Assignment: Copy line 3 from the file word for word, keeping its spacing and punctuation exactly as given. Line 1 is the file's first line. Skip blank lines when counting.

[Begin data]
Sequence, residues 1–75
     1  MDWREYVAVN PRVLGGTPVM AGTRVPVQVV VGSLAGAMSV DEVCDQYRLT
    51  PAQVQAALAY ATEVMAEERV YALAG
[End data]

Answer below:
    51  PAQVQAALAY ATEVMAEERV YALAG